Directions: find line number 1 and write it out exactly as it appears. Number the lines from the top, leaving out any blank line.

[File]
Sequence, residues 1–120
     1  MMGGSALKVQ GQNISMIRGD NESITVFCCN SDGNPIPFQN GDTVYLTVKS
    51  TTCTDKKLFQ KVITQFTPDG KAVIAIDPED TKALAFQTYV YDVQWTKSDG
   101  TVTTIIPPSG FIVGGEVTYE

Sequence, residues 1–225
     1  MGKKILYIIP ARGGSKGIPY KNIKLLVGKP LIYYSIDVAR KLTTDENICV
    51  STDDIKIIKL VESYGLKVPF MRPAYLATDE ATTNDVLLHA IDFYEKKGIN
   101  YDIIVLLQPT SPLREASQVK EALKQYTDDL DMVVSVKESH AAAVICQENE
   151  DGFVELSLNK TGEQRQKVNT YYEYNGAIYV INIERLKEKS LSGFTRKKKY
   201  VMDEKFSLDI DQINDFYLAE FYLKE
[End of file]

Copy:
Sequence, residues 1–120